On one 3D grid of nodes and edges, we grow the reticular network which is spanned by FRCs and their filaments. This grid interacts with the separate grid containing the T cells and target cells by influencing their movement and motility (see below and Figure 1A). The structure of the reticular network is determined by two quantities: (i) the frequency of FRC spanning the reticular network, which means the frequency of nodes in the grid occupied by a FRC, , and (ii) the minimum number of other FRC one FRC has to be connected to, . The FRC network is then constructed as follows: One FRC is randomly placed on a node in the lattice. Out of this node, a fibre grows for a predefined distance along the edges in the lattice, choosing a new direction randomly at each intersection it reaches. A new FRC will be placed on the node at the tip of this fibre. The new FRC serves as a root for the next fibre. This process is repeated until a number of FRC are seeded (default ). Then a new FRC root will be randomly placed on a node in the lattice and the whole process continues until the predefined frequency of FRC, , is reached (see also *Supporting Information*, Figure S1A). Additionally to the reticular fibres, which are built during this growing process, FRC launch shorter filaments which do not need to have a connection to other FRC. The default number of steps for the growing filament between two FRC is set to . This would correspond to a distance of between FRCs, if we assume that the edgelength is determined by the diameter of a T cell () occupying one node [15]. We manipulate the actual FRC network structure by varying the frequency of FRC in the simulated space, . Additionally, in order to construct a *dense* network, we define the minimum number of connections ( = fibres) one FRC has to have to other FRC to be . If the actual number of connections of a FRC is below , a new fiber to a randomly chosen FRC will be built. For a *sparse* network, there is no minimum number of direct paths defined. Once the FRC network structure is built, the network is kept constant during the simulation run.

#### The lattice for cell movement.

In a second lattice, we consider the different interacting cell populations such as naïve T cells and DC or CTL and infected target cells, respectively dependent on the scenario we are looking at. This lattice superimposes the lattice which contains the reticular network (see Figure 1A). Naïve T cells, CTL as well as motile target cells occupy one node in the simulated lattice, having an average diameter of and an average volume of [12]. They can be positioned anywhere in the lattice upon initialization. Dendritic cells consist of a cell body as well as dendrites, which comprise roughly 2/3 of the total cell volume that is assumed to be around . This would correspond to a diameter of a DC of given a spherical shape [8], [35]. The dendrites could be protruded into every direction determined by the edges attached to the cell body. These dendrites are simulated to continuously extend and retract from the cell body while the total volume of the DC is kept constant. DC preferentially adhere to FRC [19], [20], [24]. Therefore, they are initialized on a position which is in the direct neighbourhood or on the position of a FRC itself compared to the lattice which comprises the FRC network structure. After having initialized the pair of specific cells (naïve T cell-DC/CTL-infected target), the rest of the lattice is filled with unspecific lymphocytes. Some of the nodes are left unoccupied and correspond to free space. As lymph nodes and the spleen are densely packed organs, approximately 2.5% of the nodes denote free space.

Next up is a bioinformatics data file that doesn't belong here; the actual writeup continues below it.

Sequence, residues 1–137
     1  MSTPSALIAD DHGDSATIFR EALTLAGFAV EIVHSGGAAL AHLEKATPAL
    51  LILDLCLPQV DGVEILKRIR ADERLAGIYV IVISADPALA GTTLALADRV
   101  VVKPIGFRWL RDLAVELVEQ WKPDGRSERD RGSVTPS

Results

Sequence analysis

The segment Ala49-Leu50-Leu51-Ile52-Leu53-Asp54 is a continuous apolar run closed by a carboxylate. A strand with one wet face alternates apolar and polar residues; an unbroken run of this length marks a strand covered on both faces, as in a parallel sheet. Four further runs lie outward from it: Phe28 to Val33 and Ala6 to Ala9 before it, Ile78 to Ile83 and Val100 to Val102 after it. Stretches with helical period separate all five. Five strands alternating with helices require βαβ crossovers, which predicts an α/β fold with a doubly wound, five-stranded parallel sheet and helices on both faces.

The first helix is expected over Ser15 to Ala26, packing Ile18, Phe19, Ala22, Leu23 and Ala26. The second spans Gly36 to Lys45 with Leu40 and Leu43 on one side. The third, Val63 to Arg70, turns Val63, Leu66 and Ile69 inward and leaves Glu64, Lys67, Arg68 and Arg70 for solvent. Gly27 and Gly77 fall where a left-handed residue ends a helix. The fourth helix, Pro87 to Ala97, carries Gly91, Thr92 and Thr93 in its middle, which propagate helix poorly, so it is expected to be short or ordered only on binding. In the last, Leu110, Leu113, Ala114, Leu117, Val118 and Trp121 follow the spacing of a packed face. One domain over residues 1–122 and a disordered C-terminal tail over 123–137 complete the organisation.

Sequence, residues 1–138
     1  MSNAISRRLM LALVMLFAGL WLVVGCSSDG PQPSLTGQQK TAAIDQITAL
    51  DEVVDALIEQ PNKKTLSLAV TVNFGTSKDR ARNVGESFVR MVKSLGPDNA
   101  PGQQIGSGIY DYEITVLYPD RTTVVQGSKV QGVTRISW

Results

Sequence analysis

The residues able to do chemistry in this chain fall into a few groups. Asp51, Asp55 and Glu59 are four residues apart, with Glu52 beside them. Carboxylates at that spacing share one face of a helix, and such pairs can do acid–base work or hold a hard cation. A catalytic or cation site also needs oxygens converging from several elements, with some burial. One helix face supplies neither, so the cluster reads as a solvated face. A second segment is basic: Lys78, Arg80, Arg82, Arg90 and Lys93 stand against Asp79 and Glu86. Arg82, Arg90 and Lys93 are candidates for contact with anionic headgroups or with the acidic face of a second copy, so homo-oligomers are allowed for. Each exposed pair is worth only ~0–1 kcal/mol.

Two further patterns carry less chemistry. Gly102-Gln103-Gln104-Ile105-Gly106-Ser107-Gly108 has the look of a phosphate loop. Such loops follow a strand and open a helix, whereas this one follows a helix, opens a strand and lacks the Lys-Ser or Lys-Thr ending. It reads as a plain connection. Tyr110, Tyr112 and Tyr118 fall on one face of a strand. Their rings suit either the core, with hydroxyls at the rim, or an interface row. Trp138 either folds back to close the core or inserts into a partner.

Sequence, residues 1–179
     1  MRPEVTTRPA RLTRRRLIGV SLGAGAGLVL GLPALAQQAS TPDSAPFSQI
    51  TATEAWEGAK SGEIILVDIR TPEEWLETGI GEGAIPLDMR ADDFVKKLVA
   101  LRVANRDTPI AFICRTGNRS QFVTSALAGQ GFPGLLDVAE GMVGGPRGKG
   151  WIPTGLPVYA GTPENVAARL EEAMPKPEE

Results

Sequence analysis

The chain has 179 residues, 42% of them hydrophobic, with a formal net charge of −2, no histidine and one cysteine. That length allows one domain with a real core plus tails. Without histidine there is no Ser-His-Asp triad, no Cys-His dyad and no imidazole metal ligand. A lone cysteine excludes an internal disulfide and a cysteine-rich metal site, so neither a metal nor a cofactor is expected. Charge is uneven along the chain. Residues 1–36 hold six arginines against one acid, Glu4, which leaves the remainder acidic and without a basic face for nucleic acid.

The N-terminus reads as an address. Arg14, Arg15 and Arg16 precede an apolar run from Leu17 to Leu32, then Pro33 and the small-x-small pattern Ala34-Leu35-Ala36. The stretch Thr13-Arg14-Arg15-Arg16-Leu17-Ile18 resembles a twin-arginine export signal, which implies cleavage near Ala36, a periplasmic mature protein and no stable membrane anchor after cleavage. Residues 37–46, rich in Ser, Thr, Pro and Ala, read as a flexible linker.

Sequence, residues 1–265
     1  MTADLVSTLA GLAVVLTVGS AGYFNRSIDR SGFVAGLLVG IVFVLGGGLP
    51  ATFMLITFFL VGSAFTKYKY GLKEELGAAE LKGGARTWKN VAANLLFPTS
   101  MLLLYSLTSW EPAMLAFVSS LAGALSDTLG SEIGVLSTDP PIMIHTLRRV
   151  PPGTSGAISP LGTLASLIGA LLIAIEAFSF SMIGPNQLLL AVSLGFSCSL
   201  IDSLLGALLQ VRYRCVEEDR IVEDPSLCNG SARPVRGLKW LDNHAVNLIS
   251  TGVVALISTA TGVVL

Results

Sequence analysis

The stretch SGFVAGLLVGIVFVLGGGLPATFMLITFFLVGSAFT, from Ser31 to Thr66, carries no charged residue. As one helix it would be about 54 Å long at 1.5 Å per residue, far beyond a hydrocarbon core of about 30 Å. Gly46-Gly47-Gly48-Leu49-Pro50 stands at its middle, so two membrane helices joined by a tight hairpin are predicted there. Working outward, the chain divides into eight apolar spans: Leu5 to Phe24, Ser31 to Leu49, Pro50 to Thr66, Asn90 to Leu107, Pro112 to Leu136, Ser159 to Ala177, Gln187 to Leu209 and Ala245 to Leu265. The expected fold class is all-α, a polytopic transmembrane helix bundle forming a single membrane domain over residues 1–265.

### Simulating cell movement

Each cell that is capable to move, such as naïve T cells or CTL, possesses a certain moving direction . The moving direction , pointing to one of the 26 neighbouring cells, can change during a simulation run as described below. We distinguish between two types of movement as done before [26]: Either cells move into free space or they swap their place with a neighbouring cell. Thereby, a naïve T cells or CTL swaps its place with an unspecific splenocyte irrespectively of the moving direction of this cell. The movement of cells is constrained by the underlying FRC network. Each edge in the lattice of the FRC network is weighted according to the connection and distance to an FRC. This weight , , represents the amount of chemokines released and defines the level of attraction of a moving cell into this direction. The weight is determined in such a way that the attraction to a FRC is higher than the movement away from it. Edges without FRC filaments receive a weight , roughly 100 times lower than those with FRC elements. This assumption ensures, that cells preferentially crawl along the FRC network as observed experimentally. Some edges close to FRC are assigned a weight of which accounts for paths that are blocked by spatial obstacles [26], [35]. The probability of an edge connected to a FRC to have a weight of depends on the frequency of filaments connected to this FRC in accordance to the biological situation. The more filaments are connected, the more likely it is that some pathways into other directions are blocked by those filaments.The number of pathways blocked is sampled from a uniform distribution over , where denotes the number of different filaments connected to this FRC. However, we have to emphasize that, although edges are blocked, each node in the lattice can be reached, e.g. from a different side. Dependent on the frequency of FRC and the density of the FRC-network, on average of all possible moving directions are blocked.